Most-read stories of the week: Major Wellesley crash, Marble Slab, plane rescue

Wellesley crash sends 7 to hospital, 1 by air ambulance

Waterloo regional police say seven people have been transported to hospital, including one person by air ambulance to an out of region hospital, following a multi-vehicle crash. Police said the crash involving two vehicles occurred around 1:50 p.m. at the intersection of Manser Road and Streicher Line.

“Through investigation, it was determined that a vehicle travelling east on Streicher Line collided with a vehicle travelling north on Manser Road,” police said in a news release sent Friday morning.

The force of the impact caused both vehicles to leave the roadway and rollover, police said. The road was closed for several hours as police examined the scene. The road reopened at around 8 p.m. on Thursday. 

“We’ve spoken to some witnesses but if there are other witnesses that we need to speak to we’d appreciate if they called in to our traffic service,” said Waterloo regional police Sgt. Byron Harding said on Thursday.

Police said the victims included six adults and a young boy.

Waterloo Marble Slab profits melting away as franchisee launches legal battle

The sweltering conditions across Waterloo region make reaching for a way to cool down an enticing thought. But, if you are looking to get a scoop at the Marble Slab on University Avenue in Waterloo, you are out of luck.

For the last month and a half, the franchisee has been locked out of her store by the parent company. Now, she is calling for major legal changes in how the franchise system operates.

Franchisee Andrea Schlegel-Parsons said the parent company changed the locks on the doors on June 19, effectively removing her from her store.

“There’s a better way of resolving things rather than taking such a retaliatory and an extreme consequence that has a negative impact,” she said. “I was an exemplary franchisee and I worked directly with head office in order to incorporate different marketing and operational efficiencies into the organization.”

KW Siskins mourn 18-year-old player’s sudden death

The KW Siskins are mourning the death of 18-year-old defencemen Tyson Downs.

On Tuesday, the junior ice hockey team based in Waterloo, announced that Downs had passed away. The hockey organization did not say what the cause of death was.

A representative of the Siskins says he died in Owen Sound.

“The KW Siskins family is mourning the sudden loss of a cherished member of their team. It is with heavy hearts that we say goodbye for now to Tyson Downs. His passion for the game was infectious, and his dedication to the team was unparalleled. Our thoughts and prayers go out to his family, friends, and teammates during this difficult time. His passing leaves a void that will never be filled. Rest in peace, Tyson. You will be missed but never forgotten,” a statement posted to the Greater Ontario Junior Hockey League website reads.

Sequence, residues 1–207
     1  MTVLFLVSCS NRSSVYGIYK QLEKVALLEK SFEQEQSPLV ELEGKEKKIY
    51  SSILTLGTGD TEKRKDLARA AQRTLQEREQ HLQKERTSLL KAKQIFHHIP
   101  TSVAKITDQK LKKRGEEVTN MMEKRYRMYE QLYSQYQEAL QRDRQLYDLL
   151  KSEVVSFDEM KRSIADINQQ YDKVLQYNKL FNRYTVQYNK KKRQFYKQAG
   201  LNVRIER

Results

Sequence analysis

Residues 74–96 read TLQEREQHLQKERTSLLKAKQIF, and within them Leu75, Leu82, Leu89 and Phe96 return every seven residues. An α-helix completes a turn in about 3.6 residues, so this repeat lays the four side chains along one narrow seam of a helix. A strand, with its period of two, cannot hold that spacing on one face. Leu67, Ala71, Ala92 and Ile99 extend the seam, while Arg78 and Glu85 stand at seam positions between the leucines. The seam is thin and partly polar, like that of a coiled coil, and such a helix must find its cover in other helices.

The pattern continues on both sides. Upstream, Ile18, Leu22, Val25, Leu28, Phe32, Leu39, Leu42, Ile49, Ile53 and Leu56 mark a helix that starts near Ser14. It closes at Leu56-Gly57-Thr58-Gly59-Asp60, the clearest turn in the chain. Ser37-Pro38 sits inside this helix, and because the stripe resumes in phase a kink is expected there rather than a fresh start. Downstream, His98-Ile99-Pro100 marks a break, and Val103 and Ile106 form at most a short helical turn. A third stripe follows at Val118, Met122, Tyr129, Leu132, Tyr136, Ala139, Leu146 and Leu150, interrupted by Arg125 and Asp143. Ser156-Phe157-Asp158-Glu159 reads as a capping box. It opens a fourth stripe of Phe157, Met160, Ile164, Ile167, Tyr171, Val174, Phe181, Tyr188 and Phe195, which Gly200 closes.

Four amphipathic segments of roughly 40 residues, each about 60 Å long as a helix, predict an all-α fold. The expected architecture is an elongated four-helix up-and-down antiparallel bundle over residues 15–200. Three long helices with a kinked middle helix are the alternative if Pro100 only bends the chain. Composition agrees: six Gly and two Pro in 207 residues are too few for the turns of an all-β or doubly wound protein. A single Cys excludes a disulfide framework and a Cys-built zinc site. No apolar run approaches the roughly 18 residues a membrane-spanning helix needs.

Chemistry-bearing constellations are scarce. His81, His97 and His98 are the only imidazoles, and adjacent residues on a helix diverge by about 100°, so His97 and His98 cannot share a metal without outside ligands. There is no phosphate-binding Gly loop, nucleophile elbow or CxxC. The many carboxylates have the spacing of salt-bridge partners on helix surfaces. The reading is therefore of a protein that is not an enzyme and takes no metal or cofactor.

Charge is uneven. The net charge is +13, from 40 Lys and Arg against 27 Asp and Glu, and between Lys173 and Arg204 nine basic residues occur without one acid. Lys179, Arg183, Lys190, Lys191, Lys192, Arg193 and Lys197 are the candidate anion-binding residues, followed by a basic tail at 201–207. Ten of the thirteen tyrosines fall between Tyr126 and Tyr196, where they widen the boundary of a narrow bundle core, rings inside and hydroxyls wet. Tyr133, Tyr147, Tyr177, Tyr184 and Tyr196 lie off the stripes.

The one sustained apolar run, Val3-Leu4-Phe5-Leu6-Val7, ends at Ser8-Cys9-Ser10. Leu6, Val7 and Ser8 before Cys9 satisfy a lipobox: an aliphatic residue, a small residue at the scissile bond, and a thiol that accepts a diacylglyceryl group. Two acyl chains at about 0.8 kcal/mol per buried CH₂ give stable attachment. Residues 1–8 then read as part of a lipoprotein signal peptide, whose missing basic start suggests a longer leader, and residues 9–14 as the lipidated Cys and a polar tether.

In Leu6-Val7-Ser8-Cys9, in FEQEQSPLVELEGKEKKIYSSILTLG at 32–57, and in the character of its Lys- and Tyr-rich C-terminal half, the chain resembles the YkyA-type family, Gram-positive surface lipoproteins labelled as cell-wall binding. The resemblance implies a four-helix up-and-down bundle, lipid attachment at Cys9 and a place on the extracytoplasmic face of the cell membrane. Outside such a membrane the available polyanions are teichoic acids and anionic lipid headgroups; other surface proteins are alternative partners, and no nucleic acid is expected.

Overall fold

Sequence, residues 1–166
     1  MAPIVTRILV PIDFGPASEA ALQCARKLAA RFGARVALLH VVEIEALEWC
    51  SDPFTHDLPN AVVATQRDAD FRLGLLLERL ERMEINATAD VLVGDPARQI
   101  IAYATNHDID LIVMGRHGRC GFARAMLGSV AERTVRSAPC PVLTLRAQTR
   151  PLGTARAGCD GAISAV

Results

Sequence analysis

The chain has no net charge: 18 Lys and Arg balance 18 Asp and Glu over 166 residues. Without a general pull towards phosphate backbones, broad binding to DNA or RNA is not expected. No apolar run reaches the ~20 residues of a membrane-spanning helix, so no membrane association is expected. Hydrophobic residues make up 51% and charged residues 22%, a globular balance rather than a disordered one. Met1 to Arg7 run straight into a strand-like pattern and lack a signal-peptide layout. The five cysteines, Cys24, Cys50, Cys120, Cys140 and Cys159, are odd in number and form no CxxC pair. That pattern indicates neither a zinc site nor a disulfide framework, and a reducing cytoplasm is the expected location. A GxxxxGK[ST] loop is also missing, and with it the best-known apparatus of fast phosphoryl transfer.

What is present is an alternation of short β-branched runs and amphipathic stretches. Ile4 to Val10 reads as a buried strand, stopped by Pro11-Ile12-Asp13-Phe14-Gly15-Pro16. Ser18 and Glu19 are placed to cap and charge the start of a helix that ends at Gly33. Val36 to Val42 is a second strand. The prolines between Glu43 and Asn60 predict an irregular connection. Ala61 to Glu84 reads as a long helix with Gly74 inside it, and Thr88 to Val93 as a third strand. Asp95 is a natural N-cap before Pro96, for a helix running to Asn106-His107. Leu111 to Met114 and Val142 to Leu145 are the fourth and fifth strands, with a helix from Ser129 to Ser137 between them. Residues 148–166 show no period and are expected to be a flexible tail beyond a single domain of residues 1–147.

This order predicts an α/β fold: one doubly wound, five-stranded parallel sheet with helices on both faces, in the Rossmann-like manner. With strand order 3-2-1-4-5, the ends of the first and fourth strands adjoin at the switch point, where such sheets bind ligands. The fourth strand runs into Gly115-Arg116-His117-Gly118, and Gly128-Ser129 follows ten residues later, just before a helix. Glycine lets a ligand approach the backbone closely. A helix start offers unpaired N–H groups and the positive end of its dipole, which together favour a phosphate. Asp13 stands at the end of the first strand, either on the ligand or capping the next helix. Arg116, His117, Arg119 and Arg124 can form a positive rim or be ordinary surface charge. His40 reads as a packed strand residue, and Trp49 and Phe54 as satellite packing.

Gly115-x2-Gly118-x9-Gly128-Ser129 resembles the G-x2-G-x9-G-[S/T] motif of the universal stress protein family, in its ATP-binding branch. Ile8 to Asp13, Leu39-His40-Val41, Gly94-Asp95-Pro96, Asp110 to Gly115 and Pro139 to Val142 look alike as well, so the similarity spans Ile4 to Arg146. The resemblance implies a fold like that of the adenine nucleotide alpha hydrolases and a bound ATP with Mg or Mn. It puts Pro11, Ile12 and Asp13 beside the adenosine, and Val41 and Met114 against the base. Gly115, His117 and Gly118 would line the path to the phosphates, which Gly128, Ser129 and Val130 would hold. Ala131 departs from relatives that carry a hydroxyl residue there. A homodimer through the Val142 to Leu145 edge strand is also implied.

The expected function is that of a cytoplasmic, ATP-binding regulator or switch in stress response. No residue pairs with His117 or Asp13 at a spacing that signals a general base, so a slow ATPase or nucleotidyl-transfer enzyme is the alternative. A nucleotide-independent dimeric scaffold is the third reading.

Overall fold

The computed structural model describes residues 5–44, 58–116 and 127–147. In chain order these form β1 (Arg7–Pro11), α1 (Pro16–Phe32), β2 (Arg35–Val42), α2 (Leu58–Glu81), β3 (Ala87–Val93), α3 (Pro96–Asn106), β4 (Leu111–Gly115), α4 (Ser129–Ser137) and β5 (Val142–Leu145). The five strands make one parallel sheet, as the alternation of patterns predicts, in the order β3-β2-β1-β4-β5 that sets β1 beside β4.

On Sunday, a funeral was held at the Bayshore Community Centre. In lieu of flowers, his family is asking people to donate to any minor sports association or charity in Owen Sound.

Tyson Downs. (KW Siskins)

Witnesses describe dramatic pilot rescue after plane crashes into Belwood Lake

A group of camp counsellors helped rescue a pilot after a small plane conducted an emergency landing on Belwood Lake on Monday evening. According to the Wellington County Ontario Provincial Police (OPP), the pilot, a 60-year-old man, suffered minor injuries.

Emergency service personnel responded to reports of an airplane crash at Belwood Lake at around 7:15 p.m. The investigation revealed the plane was a small Cessna Ultralight.

Police said the pilot was the only person on the plane and was treated by paramedics at the scene.

Samuel Medeiros, a staff member with YMCA Camp Belwood, said they stepped up after the pilot got out of the plane.

“As we’re watching the plane, it crashes down about 500 metres, where the red buoy is. I had immediately blown my whistle, got all of the kids out of the water. The kids were my number one priority – making sure all the kids were out, then sending out my lifeguards to go check in on the guy,” said Medeiros.

Police included this photo that shows emergency services on the scene near Belwood Lake. (Submitted/OPP)

Here’s why earwigs are more present in Ontario this summer

There’s been an increase in earwigs across Ontario this summer, and experts say it all has to do with the weather. Alice Sinia, an entomologist with Orkin Canada, said last winter’s mild temperatures made it easier for more eggs and adults to survive. Additionally, the spring and summer’s wet, hot and humid conditions have created the perfect environment for the insects to thrive.

“We are seeing a lot more earwigs this year,” Sinia said. “If you look at all the three factors – the temperature, the wetness and the humidity – it means there’s a lot of decaying organic matter, and that’s really what earwigs feed on. It’s really a perfect combination.”

They may not be the most popular insect with their six legs, antenna and pincers, but they do have some benefits.

“They help to decompose organic matter. Decomposition is very crucial because we need all the nutrients and nitrogen recycled in nature,” Sinia said.

Earwigs thrive in the heat and humidity. (CTV)